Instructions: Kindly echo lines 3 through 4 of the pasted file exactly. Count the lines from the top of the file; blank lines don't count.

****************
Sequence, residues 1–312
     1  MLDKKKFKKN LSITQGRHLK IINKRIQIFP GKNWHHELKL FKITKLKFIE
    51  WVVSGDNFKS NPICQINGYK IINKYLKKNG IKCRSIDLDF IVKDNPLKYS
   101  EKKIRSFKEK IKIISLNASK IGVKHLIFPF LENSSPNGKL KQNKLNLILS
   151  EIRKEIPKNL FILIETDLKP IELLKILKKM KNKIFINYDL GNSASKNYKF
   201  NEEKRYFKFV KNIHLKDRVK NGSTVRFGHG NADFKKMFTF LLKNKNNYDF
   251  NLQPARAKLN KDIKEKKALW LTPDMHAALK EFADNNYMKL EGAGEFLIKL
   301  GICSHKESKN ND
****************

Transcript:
    51  WVVSGDNFKS NPICQINGYK IINKYLKKNG IKCRSIDLDF IVKDNPLKYS
   101  EKKIRSFKEK IKIISLNASK IGVKHLIFPF LENSSPNGKL KQNKLNLILS